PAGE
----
A working mom and three children (bottom center) with church volunteers and community leaders in front of the family’s new home in Houston. AmeriLife’s Gregg Barfield is pictured at far right.

A working mom and three children (bottom center) with church volunteers and community leaders in front of the family’s new home in Houston. AmeriLife’s Gregg Barfield is pictured at far right.

Clearwater, FL – When Hurricane Harvey flooded her Houston home, Alba Rivas, a single working mother, was forced to flee with her three young children.

The family has been living in an efficiency apartment for more than six months, but won’t be sharing a single room much longer. Members of three churches – First United Methodist in Bryan, Texas (about 100 miles northwest of Houston), First Methodist of Houston, and a partner church in New Hampshire – joined with a Houston affordable housing agency and city officials to build the family a new house.

AmeriLife joined other private donors and corporate sponsors who helped to fund the entire cost of materials. The project broke ground on Feb. 24 in the Acres Homes subdivision in Houston, which is undergoing revitalization. Major construction on the house was completed on Mar. 5, with additional work continuing over three consecutive weekends throughout March. The goal is to have the home ready by April.

“This family lost everything,” said Gregg Barfield, director of Systems and Technology with AmeriLife Benefits. He’s a member of FUMC of Bryan, a resident of neighboring College Station and a coordinator of the homebuilding project, one of many FUMC has undertaken with other churches over the past 12 years.

“We’ll also be collecting furniture and appliance donations when the home is complete,” he said.

About a month after the water receded, the Rivas family went back to their house. But it had been flooded up to the roof and was caked inside with mold and mildew.

“They tried to stay, but the kids got sick,” Barfield says. The family was given temporary shelter in an efficiency apartment with one burner for cooking.

“As an organization that serves the needs of others, this was an obvious fit for us,” said  Mike Vietri, Chief Distribution and Marketing Officer for AmeriLife. “We could not be happier to help give this hard-working mom and her kids the home they deserve.”

In anticipation of her new home, Alba will attend homeowner education classes to learn about mortgages, property taxes and other important information.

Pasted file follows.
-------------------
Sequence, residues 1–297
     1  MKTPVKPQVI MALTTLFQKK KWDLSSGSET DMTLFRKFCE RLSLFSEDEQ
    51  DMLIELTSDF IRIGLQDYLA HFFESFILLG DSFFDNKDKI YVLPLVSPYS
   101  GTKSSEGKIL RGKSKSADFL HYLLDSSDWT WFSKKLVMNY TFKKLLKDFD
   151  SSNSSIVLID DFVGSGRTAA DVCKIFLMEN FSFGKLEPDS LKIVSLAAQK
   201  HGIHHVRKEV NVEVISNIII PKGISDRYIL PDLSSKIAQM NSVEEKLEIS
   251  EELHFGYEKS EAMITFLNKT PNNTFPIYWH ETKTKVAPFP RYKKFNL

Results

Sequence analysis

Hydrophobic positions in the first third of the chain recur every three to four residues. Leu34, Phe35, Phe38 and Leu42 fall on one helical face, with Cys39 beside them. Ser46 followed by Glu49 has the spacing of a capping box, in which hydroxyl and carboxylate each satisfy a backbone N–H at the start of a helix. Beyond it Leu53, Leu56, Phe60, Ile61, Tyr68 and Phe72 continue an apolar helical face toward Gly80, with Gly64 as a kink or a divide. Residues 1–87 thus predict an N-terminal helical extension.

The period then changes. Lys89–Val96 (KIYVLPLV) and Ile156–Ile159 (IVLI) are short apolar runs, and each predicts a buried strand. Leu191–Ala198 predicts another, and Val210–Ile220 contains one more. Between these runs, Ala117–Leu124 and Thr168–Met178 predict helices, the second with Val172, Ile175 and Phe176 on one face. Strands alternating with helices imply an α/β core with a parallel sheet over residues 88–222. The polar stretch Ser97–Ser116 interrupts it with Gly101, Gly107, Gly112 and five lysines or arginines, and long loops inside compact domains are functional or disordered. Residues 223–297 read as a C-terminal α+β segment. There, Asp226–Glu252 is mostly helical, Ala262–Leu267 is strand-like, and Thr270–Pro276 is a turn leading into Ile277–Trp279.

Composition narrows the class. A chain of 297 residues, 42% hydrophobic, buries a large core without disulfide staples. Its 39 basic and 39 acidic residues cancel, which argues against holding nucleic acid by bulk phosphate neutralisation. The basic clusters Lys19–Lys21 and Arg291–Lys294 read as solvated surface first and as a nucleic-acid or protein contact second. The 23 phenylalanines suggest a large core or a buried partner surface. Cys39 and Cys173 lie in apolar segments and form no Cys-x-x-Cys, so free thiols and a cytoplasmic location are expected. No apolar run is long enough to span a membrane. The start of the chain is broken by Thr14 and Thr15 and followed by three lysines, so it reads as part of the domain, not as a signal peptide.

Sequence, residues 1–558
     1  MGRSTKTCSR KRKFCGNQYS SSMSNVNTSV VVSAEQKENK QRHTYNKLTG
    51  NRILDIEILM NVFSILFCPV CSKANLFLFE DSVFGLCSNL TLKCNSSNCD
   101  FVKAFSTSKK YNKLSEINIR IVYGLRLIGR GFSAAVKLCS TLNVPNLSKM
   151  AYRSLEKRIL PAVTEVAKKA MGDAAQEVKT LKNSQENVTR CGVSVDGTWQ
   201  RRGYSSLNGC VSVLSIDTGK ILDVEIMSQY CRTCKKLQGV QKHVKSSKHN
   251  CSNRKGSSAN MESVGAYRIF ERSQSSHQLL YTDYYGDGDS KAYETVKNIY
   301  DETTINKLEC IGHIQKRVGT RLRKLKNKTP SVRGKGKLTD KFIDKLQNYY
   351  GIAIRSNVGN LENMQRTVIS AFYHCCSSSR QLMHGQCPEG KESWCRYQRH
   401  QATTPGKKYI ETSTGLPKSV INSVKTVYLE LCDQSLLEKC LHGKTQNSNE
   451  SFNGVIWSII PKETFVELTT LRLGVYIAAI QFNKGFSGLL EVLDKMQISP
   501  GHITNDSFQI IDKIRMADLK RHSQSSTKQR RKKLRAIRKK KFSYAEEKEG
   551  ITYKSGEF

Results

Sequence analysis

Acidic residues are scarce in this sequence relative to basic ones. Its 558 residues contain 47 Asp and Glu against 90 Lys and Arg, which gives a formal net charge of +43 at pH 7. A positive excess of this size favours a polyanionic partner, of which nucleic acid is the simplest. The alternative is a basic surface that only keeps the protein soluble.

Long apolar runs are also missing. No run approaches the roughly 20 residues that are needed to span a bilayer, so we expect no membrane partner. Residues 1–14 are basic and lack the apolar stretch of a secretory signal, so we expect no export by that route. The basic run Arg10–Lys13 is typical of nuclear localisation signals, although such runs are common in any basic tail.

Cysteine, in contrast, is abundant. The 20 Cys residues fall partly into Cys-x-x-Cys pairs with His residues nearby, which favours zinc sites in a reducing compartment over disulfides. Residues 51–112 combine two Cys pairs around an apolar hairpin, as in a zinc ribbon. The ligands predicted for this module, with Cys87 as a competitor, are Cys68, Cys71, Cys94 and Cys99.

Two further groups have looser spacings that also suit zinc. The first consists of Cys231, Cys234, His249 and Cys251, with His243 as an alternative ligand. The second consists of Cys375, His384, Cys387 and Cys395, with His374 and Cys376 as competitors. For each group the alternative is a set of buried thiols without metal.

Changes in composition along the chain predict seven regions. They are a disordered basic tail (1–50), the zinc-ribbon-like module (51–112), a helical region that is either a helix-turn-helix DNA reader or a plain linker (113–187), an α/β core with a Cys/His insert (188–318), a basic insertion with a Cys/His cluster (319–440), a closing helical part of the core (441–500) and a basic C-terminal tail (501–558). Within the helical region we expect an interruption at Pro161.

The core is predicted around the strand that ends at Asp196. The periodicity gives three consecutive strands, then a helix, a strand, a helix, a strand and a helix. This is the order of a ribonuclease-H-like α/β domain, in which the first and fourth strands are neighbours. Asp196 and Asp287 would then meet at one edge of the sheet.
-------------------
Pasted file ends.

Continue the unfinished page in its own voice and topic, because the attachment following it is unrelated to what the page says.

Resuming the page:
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A working mom and three children (bottom center) with church volunteers and community leaders in front of the family’s new home in Houston. AmeriLife’s Gregg Barfield is pictured at far right.

A working mom and three children (bottom center) with church volunteers and community leaders in front of the family’s new home in Houston. AmeriLife’s Gregg Barfield is pictured at far right.

Clearwater, FL – When Hurricane Harvey flooded her Houston home, Alba Rivas, a single working mother, was forced to flee with her three young children.

The family has been living in an efficiency apartment for more than six months, but won’t be sharing a single room much longer. Members of three churches – First United Methodist in Bryan, Texas (about 100 miles northwest of Houston), First Methodist of Houston, and a partner church in New Hampshire – joined with a Houston affordable housing agency and city officials to build the family a new house.

AmeriLife joined other private donors and corporate sponsors who helped to fund the entire cost of materials. The project broke ground on Feb. 24 in the Acres Homes subdivision in Houston, which is undergoing revitalization. Major construction on the house was completed on Mar. 5, with additional work continuing over three consecutive weekends throughout March. The goal is to have the home ready by April.

“This family lost everything,” said Gregg Barfield, director of Systems and Technology with AmeriLife Benefits. He’s a member of FUMC of Bryan, a resident of neighboring College Station and a coordinator of the homebuilding project, one of many FUMC has undertaken with other churches over the past 12 years.

“We’ll also be collecting furniture and appliance donations when the home is complete,” he said.

About a month after the water receded, the Rivas family went back to their house. But it had been flooded up to the roof and was caked inside with mold and mildew.

“They tried to stay, but the kids got sick,” Barfield says. The family was given temporary shelter in an efficiency apartment with one burner for cooking.

“As an organization that serves the needs of others, this was an obvious fit for us,” said  Mike Vietri, Chief Distribution and Marketing Officer for AmeriLife. “We could not be happier to help give this hard-working mom and her kids the home they deserve.”

In anticipation of her new home, Alba will attend homeowner education classes to learn about mortgages, property taxes and other important information.

 Follow us on Facebook, Twitter and LinkedIn for the latest news and information.                                                                                                      

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